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Guys, I posted a little less than a month ago about how impressed I was with Scott Drew given my new vantage point of seeing him suddenly as someone like me--a son watching a parent struggle with a battle with cancer. I can't say my experience is going to have a happy ending, but I wanted to share something I will treasure always.
First, the bad and then the amazing. I type this tonight as I essentially said goodbye to my Dad for the last time today. 2 months ago, I dropped him off at DFW Airport for a flight out of town, so he could get back to his job. Like a lot of guys, his job was his hobby. He worked, he exercised and he slept--that was about it. Unknown at the time was that he was in full blown Stage 3B lung and lymph node cancer. Like a lot of proud guys his age (75), he doesn't like doctors visits and simply blamed the telltale signs of serious problems (lack of energy and a 45 lb. weight loss) on getting old. What could be wrong, he thought--I'm swimming every day without a problem!
Well, He finally gave in and went to the doctor when he could no longer get around the grocery store. First, an X-Ray. Then a biopsy. Then a CT Scan. All showing a major problem. Plus, he had lost all of his strength. I somehow got him onto a plane and we traveled from Massachusetts to Houston to get to MD Anderson. They are the best of the best and my family and I will always be grateful, but we were far too late. He tried his best given the treatment options available, but he was too weak to keep up with radiation...he hurt too much, battled just to keep his vitals ok, so 6 weeks of radiation were impossible.
Just days ago, we hit the inevitable--the treatments would need to stop. He gave it his best, but even the toughest guys lose a battle every once in a while. So, for the last few days, as the cancer began hitting him even more aggressively, I talked with him about everything I wanted to--thanked him for raising us in a church going and God-fearing home, about his legacy of great kids and grand kids and just told him I loved him. Should have said the latter a lot more, but that probably fits all of us.
One passion we have always shared is sports. I'm a Red Sox and Pats fan, while he grew up rooting for the Yankees and NY Giants. But where we always agreed just on the love of competition, was March Madness. We went to a regional when I was a kid and we watched David Robinson and Pearl Washington play. Watched Richmond beat a Bobby Knight coached Indiana team that time...pretty cool.
We'd talk hoops throughout the years and most especially the last few weeks. He had no choice but to watch a lot of Baylor hoops...he sent me there, so he had to. But we really never caught any of his college's games. Small school, small conference. But I learned last week that his college, Lehigh, had made the Big Dance. He had gone to countless Lehigh games over the years, but they were never big games I talked with him about it constantly this week and it always drew a reaction. He hasn't been able to speak clearly for several days, but I kept on telling him about Lehigh playing Duke. He'd let me know he knew somehow. Soon, he'll be placed in a state of sedation he'll never leave--he needs peace and his Savior is calling him home. But before he does, which could be anytime now, Lehigh performed a miracle and beat Duke. Frankly, I'll always look at it as a minor miracle God gave us. A memory that somehow the biggest-and only--Lehigh fan and grad I know- put in a good word with the Lord in advance of heading his way by throwing a winto LU. I'll never look at March Madness the same way again. I'll never know how he pulled off this upset as a way to remember him on his way to Heaven, but I have to say I'm impressed. Thanks for indulging me...it's good therapy tonight.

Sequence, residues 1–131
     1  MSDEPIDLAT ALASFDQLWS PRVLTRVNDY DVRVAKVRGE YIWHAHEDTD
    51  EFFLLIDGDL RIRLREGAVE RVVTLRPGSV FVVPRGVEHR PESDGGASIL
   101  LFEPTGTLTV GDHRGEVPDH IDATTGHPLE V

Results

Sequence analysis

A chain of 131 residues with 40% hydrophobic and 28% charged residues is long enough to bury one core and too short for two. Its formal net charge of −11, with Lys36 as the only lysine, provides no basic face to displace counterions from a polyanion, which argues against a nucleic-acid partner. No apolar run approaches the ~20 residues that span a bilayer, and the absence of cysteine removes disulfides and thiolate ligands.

This post has been edited 8 times, most recently by BearVerdad on 3/17/2012 at 5:46 AM
God bless you and your dad. Thank you for posting this.
Thank you for sharing that. May God bless you and your family.
Amen. May God watch over your father and all of your family during this difficult time.
Thank you for sharing. It's incredibly touching. Prayers to you and your family.
Prayers to you and your family. Very touched by your story...thanks for posting.
Two years ago I was driving back from the win over St. Marys to put BU in Elite 8. My sons D2 team had llost in Florida so he was home for Spring Break. We were driving back to Austin so we called my 90 year old dad who lived in South Bend, Indiana from the car. We were all very happy. My dad was very mobile and traveled on his own, amazing at 90. As about the only Southern Baptist living within 500 miles of Notre Dame, he loved and followed BU. He went to a small school in the Northeast called Rider, who occasionally makes it to the tourney.
The night of the call, he had a big heart attack. With 24 hours we were there rubbing his head while he passed. The Duke game is still a fog to me. This sounds made up but it's not. The last two things he said to me was "I love you" and then a question "How did the (BU) girls do? The girls were on way to final four. I literally used to call my dad every day for a minute or two to talk sports. I miss him greatly and feel for the pain your going through.
What a blessing you have had to have your Dad. I will keep your family in my prayers as well. Take care.
Pro Ecclesia, Pro Mundus
Thanks for sharing Bearverdad. God be with you during this difficult time.
Thanks for sharing. Wishing Lehigh the best of luck today and prayers for you and your family.
Your name's Lebowski, Lebowski. Your wife is Bunny.
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